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Worried they’d be written off as NIMBYs if they rejected the development project outright, planning group members OK’d their own “just right” version of it – and it’s much smaller than what Kilroy Realty has in mind.
One Paseo’s fate wasn’t on the line Thursday night. But the terms of the debate over its future might have been.
The local planning group rejected the proposed $650 million Carmel Valley project, and its 1.4 million square feet of offices, shops, restaurants and 600 condos spread across 23 acres in the heart of a planned suburban community in northern San Diego.
But that vote’s just a recommendation to the City Council. The Council can still vote however it wants. It’s expected to do so as early as December. The project will also go to the citywide Planning Commission for another recommendation before then.
In the meantime, the planning group might have taken advantage of an opportunity to shape the debate.
Instead of rejecting One Paseo outright, the group said it would be OK with a much smaller version of the project.
“This gives (the city) what we are willing to accept,” said board chairman Frisco White, a former member of the Planning Commission. “We need to come forward with something positive.”
The subtext of his comment, and the discussion among the board: If we simply reject the project, we make it easy for the Council to write us off as NIMBYs, or opponents of growth of any kind. Just saying “no” wastes our voice.
One Paseo has generated significant community pushback, from residents opposed to its effects on traffic and community character, and the shopping center across the street, which hired a major City Hall lobbyist to amplify its opposition to the project.
It’s also gotten a stamp of approval from city planning staff, which determined that on balance, it is consistent with the city’s long-term development plan calling for the creation of a “city of villages,” or a network of dense, walkable communities connected by public transit.
Some on the board thought rejecting the project altogether would send a stronger message. Nonetheless, the decision to OK a smaller version of the project passed 11-2.
The smaller project was a tweaked version of one included in One Paseo’s environmental review. State law dictates environmental reviews include a range of reasonable alternatives. The smaller project had the look and feel of One Paseo, but included only 800,000 square feet of buildings and 300 condo units.
The smaller project had previously been rejected by Kilroy Realty, the developer, as a viable alternative, in part because it didn’t have enough retail space to succeed as a regional draw. The planning group attempted to disarm that argument by adding more retail space.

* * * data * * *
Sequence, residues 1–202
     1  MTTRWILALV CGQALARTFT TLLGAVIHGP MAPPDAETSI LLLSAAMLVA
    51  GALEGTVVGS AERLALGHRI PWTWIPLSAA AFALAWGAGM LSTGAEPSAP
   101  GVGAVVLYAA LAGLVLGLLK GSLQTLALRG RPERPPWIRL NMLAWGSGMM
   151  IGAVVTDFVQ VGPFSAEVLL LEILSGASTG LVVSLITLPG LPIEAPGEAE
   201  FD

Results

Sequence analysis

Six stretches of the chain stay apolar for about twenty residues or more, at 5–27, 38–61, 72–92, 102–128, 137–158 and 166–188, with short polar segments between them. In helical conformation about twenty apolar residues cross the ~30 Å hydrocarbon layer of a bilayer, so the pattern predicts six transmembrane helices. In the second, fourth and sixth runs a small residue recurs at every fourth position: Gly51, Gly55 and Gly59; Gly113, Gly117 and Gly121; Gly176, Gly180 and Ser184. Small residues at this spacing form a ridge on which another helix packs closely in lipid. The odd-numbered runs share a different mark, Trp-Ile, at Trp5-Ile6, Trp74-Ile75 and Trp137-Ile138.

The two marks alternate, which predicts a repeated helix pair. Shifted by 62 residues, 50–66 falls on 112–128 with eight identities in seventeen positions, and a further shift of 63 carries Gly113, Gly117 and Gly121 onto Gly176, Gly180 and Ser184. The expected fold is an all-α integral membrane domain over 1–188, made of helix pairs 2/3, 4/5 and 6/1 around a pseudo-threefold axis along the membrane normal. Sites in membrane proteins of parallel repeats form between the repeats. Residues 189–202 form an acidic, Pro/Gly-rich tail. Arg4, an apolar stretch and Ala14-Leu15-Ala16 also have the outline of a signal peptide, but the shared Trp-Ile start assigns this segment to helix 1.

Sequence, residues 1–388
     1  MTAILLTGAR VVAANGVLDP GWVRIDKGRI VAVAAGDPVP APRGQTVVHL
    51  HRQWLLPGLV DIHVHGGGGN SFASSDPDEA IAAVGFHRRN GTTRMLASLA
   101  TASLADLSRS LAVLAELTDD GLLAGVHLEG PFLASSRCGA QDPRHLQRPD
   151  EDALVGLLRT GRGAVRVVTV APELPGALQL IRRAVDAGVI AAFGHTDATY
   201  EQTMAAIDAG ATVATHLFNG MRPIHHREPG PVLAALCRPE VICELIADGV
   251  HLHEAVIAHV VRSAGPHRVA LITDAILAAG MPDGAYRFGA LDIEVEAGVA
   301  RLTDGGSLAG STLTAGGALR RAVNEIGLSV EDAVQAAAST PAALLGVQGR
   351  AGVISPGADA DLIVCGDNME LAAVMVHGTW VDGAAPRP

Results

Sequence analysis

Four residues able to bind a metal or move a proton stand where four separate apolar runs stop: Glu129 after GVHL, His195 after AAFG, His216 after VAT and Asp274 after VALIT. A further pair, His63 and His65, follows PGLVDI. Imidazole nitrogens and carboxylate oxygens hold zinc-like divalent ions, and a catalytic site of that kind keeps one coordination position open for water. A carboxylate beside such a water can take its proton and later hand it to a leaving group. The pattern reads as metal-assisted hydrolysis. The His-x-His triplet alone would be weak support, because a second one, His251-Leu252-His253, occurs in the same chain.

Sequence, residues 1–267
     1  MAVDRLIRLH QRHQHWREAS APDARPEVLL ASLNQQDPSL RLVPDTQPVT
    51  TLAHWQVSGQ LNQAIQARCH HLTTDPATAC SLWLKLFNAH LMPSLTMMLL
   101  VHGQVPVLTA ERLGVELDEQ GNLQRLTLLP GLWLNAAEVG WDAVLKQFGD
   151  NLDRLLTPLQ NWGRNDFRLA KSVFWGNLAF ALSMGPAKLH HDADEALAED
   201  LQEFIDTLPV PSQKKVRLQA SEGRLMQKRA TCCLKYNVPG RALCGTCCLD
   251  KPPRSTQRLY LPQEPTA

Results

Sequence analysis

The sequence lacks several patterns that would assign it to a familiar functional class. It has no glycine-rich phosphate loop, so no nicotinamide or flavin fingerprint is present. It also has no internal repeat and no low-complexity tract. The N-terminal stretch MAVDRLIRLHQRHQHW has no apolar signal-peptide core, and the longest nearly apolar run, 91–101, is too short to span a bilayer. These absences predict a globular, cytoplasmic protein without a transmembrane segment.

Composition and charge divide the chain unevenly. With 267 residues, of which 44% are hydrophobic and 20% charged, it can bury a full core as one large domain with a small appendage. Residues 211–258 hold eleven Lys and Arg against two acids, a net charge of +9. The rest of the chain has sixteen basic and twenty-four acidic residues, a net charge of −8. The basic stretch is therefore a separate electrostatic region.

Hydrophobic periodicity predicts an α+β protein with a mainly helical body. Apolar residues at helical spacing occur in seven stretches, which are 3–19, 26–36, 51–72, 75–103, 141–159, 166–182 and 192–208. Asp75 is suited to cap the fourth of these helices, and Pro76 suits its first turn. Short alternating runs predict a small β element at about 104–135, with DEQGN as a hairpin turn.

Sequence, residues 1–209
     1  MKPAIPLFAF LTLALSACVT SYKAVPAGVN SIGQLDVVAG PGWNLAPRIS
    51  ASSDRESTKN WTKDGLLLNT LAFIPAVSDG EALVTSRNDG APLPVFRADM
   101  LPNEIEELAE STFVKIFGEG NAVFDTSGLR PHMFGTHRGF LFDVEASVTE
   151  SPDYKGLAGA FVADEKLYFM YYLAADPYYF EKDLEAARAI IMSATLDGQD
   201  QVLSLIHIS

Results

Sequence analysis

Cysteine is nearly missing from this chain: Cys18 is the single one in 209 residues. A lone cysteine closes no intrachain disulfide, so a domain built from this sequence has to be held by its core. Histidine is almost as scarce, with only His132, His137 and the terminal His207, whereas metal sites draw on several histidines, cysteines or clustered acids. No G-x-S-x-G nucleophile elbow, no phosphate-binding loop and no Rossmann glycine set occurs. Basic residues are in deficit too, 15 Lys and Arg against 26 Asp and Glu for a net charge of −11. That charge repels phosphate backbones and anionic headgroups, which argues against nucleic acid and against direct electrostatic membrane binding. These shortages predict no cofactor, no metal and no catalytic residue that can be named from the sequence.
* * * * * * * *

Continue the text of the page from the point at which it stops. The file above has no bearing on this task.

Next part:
“Now, we’ve added the footage to make it feasible,” White said.
The City Council will still be left to give a thumbs-up or thumbs-down vote on the 1.4 million square foot project proposed by Kilroy. It’s not like the City Council can vote to tell a private developer what project to build. They can only reject or approve Kilroy’s proposal, and Kilroy says it’s moving forward with the existing project.
Council members opposed to the project could still try out the idea of urging Kilroy to build a smaller version, rather than opposing it outright.
But based on the environmental report, the smaller project would still have some of the negative effects of One Paseo, just to a lesser degree. That means Kilroy would still need to spend millions to offset those effects with things like adding additional lanes to alleviate congestion.
At a certain point, if the project gets small enough (and, therefore, less profitable), Kilroy could just decide to rid itself of the headache and cost and build the 500,000 square foot office-only project for which the zoning already allows.
While the majority of the planning group, and much of the 150 or so people in attendance, clearly opposed One Paseo, one board member voted against the board’s proposal for a smaller version because he said he had come to like the project and it was just fine that there was a 23-acre portion of the community that was different than the rest of it. (He also said he commutes via cycle from Carmel Valley and that bike activists who consider the project’s bike infrastructure improvements immaterial aren’t speaking for him.)
The 600 condo units were a big part of his thinking.
“Many of us have kids and they have no chance of living in Carmel Valley without new housing,” said Manjeet Ranu. “I have come to support the project.”
Pressed to explain why they decided to support the project, the city’s planning staff likewise pointed to the city of San Diego’s housing needs.
But White, the board chair, was unconvinced. All of the city staff’s reasons for supporting the project, despite the negative effects it would have on traffic and community character, were economic in nature, he said.
“We need to know why economics are more important than quality of life, quality of community,” he said.